The specific technique for fuzzing network services varies enormously depending on the network service in question, however in this example we will use Radamsa to fuzz a basic web server serving static HTML content.

      Firstly, you need to set up the web server to use for testing. You can do this using the built-in development server that comes with the php-cli package. You’ll also need curl in order to test your web server.

      If you don’t have php-cli and/or curl installed, you can install them using apt:

      • sudo apt install php-cli curl

      Next, create a directory to store your web server files in and move into it:

      Then, create a HTML file containing some sample text:

      Add the following to the file:


      <h1>Hello, world!</h1>

      You can now run your PHP web server. You’ll need to be able to view the web server log while still using another terminal session, so open another terminal session and SSH to your server for this:

      • cd ~/www
      • php -S localhost:8080

      This will output something similar to the following:


      PHP 7.2.24-0ubuntu0.18.04.1 Development Server started at Wed Jan 1 16:06:41 2020 Listening on http://localhost:8080 Document root is /home/user/www Press Ctrl-C to quit.

      You can now switch back to your original terminal session and test that the web server is working using curl:

      This will output the sample index.html file that you created earlier:


      <h1>Hello, world!</h1>

      Your web server only needs to be accessible locally, so you should not open any ports on your firewall for it.

      Now that you’ve set up your test web server, you can begin to fuzz test it using Radamsa.

      First, you’ll need to create a sample HTTP request to use as the input data for Radamsa. Create a new file to store this in:

      Then, copy the following sample HTTP request into the file:


      GET / HTTP/1.1
      Host: localhost:8080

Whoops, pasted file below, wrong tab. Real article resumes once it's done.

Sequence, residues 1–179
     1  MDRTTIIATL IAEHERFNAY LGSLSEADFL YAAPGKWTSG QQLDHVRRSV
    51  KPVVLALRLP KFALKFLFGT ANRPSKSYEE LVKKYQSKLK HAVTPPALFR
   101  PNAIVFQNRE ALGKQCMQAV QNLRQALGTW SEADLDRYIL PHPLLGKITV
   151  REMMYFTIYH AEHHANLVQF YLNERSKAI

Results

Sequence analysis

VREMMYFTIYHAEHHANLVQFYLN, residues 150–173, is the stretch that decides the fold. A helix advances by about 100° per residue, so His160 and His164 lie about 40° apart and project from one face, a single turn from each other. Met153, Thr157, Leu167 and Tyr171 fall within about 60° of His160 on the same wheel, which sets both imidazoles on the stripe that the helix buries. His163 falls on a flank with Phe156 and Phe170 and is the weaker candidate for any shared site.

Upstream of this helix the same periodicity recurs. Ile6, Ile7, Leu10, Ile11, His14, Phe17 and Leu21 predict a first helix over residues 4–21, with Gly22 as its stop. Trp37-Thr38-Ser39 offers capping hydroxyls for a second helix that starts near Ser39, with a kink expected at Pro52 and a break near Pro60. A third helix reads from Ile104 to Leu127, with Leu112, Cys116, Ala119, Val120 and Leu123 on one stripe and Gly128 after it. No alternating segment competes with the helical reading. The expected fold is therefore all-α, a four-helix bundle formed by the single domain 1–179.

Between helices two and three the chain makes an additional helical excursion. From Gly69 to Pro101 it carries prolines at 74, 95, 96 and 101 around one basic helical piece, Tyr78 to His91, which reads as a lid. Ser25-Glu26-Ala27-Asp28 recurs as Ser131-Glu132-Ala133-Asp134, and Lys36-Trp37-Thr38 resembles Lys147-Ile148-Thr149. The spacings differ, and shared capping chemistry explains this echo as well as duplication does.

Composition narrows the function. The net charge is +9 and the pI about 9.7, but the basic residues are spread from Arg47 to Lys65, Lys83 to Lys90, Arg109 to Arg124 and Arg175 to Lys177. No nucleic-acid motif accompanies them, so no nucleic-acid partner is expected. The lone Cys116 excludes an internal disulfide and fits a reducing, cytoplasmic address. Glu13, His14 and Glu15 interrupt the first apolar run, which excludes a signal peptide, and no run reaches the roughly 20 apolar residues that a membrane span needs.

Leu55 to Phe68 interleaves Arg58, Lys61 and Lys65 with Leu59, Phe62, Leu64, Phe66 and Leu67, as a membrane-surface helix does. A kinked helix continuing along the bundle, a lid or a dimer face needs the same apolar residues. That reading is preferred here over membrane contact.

User-Agent: test
      Accept: */*

      Next, you can use Radamsa to submit this HTTP request to your local web server. In order to do this, you’ll need to use Radamsa as a TCP client, which can be done by specifying an IP address and port to connect to:

      • radamsa -o http-request.txt

      Note: Be aware that using Radamsa as a TCP client will potentially cause malformed/malicious data to be transmitted over the network. This may break things, so be very careful to only access networks that you are authorized to test, or preferably, stick to using the localhost ( address.

      Finally, if you view the outputted logs for your local web server, you’ll see that it has received the requests, but most likely not processed them as they were invalid/malformed.

      The outputted logs will be visible in your second terminal window:


      [Wed Jan 1 16:26:49 2020] Invalid request (Unexpected EOF) [Wed Jan 1 16:28:04 2020] Invalid request (Malformed HTTP request) [Wed Jan 1 16:28:05 2020] Invalid request (Malformed HTTP request) [Wed Jan 1 16:28:07 2020] Invalid request (Unexpected EOF) [Wed Jan 1 16:28:08 2020] Invalid request (Malformed HTTP request)

      For optimal results and to ensure that crashes are recorded, you may wish to write an automation script similar to the one used in Step 3. You should also consider using a more complex input file, which may contain additions such as extra HTTP headers.

      You’ve fuzzed a network service using Radamsa acting as a TCP client. Next, you will fuzz a network client with Radamsa acting as a server.